Even though it sounds artificial, it’s important for older people to record their own thoughts and memories, but it’s really critical for younger people to ask them for them, and not just for stories, but for guidance and practical advice for living. I’m not against professional help. I think it’s great. But sometimes people might go and ask the elders in their lives for advice on finding a meaningful career or improving a relationship first.

So I think that it’s both older people doing it themselves, nurturing these memories and reflecting on their lives, but it’s also our role as younger people to help them to do it, to express interest in it and be a part of their reminiscing and summing up their life into a meaningful story. That’s what we really risk losing now.

The Caregiver’s Voice Matters in Transition

screen-shot-2016-11-30-at-1-38-18-pmIt can be a difficult moment when you come to realize that your mom or dad needs senior care in a setting like assisted living. Just as our parents kept us safe, sheltered and secure when we needed it – there comes a time when we’re called upon to return this same love to our parents.

Some of us will provide care to our parents in our own home for a period, but this is not always possible for all families, or always desired by the children or parents themselves. Many families find themselves searching for assisted living, an intermediate level of residential care for seniors who aren’t safe living alone. Ideally, your parents can be full participants in the search, but when your loved one is impaired by Alzheimer’s disease or dementia, you may have to proactively take more control of the decision making.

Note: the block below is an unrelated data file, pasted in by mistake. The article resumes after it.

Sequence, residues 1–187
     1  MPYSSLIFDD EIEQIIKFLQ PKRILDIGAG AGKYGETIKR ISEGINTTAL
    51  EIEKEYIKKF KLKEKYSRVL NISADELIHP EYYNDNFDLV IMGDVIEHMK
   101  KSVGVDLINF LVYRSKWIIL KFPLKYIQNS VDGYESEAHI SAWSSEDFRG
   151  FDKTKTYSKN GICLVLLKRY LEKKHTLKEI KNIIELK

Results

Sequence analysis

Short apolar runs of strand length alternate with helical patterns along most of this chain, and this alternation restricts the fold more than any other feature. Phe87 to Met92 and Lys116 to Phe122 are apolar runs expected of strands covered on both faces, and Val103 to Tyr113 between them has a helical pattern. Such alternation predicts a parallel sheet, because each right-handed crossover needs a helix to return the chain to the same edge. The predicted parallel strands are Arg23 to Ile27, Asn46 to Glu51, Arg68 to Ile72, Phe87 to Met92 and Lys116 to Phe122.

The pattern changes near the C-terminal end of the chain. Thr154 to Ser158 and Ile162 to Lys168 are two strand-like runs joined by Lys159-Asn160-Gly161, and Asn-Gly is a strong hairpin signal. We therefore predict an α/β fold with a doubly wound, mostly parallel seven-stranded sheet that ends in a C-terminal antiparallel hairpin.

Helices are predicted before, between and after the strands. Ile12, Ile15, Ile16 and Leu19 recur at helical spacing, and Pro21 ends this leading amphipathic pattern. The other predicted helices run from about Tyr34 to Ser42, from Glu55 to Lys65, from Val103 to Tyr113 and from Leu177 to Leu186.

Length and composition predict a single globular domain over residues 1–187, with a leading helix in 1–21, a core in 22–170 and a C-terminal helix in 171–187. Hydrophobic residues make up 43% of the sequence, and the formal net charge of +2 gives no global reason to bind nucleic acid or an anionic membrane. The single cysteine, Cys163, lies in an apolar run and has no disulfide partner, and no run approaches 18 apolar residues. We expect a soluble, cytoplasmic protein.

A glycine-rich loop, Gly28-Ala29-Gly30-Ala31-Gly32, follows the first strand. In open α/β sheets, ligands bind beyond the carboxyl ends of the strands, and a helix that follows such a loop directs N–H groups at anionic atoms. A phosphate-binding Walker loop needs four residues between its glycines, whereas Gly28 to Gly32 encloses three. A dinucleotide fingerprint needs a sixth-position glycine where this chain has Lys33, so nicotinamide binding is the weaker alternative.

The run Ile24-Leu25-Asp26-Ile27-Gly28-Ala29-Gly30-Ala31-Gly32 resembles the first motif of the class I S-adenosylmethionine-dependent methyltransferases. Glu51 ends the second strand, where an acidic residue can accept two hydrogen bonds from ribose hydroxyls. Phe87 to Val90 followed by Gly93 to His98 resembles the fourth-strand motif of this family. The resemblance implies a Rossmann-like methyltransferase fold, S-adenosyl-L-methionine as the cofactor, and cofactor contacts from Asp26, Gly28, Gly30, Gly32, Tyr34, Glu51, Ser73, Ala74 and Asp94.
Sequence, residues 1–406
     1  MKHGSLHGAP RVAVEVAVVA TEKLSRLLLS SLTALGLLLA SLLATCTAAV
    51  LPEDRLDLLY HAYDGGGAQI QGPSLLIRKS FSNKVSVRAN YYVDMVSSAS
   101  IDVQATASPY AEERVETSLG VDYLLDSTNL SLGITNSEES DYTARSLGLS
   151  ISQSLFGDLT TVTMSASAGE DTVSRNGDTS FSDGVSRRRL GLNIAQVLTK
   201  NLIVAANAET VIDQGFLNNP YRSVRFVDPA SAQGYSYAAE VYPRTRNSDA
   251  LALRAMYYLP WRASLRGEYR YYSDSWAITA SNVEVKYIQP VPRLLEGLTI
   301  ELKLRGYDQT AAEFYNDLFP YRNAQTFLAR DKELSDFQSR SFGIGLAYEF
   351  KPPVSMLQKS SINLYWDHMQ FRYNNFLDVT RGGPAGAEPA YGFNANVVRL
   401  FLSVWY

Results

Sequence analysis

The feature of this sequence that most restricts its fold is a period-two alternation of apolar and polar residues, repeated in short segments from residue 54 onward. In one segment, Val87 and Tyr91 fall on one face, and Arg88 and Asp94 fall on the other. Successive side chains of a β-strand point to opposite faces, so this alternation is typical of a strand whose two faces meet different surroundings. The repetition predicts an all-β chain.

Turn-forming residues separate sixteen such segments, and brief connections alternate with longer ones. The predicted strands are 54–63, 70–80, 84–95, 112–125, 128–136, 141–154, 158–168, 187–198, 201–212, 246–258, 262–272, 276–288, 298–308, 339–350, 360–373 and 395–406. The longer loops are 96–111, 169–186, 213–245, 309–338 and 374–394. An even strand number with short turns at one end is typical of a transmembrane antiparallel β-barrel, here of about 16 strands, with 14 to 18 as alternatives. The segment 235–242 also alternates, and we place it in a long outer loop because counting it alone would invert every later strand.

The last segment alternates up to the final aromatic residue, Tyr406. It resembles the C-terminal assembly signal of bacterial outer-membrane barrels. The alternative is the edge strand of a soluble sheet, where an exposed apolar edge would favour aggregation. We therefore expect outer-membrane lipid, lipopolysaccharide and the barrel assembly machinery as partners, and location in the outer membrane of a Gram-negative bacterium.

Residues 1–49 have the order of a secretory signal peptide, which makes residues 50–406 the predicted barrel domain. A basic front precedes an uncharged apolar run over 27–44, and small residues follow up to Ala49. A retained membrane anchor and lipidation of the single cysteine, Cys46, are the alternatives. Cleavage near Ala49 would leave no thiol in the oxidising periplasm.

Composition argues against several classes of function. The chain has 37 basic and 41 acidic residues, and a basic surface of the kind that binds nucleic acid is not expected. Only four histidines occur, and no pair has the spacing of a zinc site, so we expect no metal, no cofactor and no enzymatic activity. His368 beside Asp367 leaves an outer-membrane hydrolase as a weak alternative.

If you see that your parents need assisted living care, here are some steps that can help you find the right care:

  1. Get Them involved
  2. Determine what you can afford
  3. Speak with a Senior Living Advisor
  4. Tour Senior Communities

What Assisted Living is Like, Today

screen-shot-2016-11-30-at-1-38-06-pmAssisted living depends on the professionals at each community. The good and forward thinking providers and companies have created senior condo-like settings where care is provided discreetly, on a resident’s own schedule, inside their own apartment or home, and by consistent staff. Daily schedules are different for each resident, and should be, as they are catered to individual needs. That alone shows how the trend in care has shifted to each individual. A regional sales representative discusses these changes: “An example of how assisted living has evolved over the years would be that I have eleven events planned for today in one location.”

Activities of Daily Living (ADLs):

  • Bathing
  • Dressing
  • Feeding
  • Grooming
  • Using the toilet independently
  • Walking and getting around

Instrumental Activities of Daily Living (IADLS):

  • Finances
  • House Cleaning and Chores
  • Meal Preparation
  • Shopping
  • Transportation
  • Using the Telephone

In assisted living, many of the IADLS are handled by either the community or a relative of the resident. Each community has their own system, so it’s important to find the options that work for each family’s unique situation. Care professionals become like family for the residents and they come to rely on them for their daily activities, whether it’s dressing them, helping them shower, or simply bringing them the right types of meals or newspaper articles for their morning routines. Staff at communities become a part of each resident’s life. They can even become family who are missed if they’re on vacation or leave.

How Assisted Living Has Changed Over the Years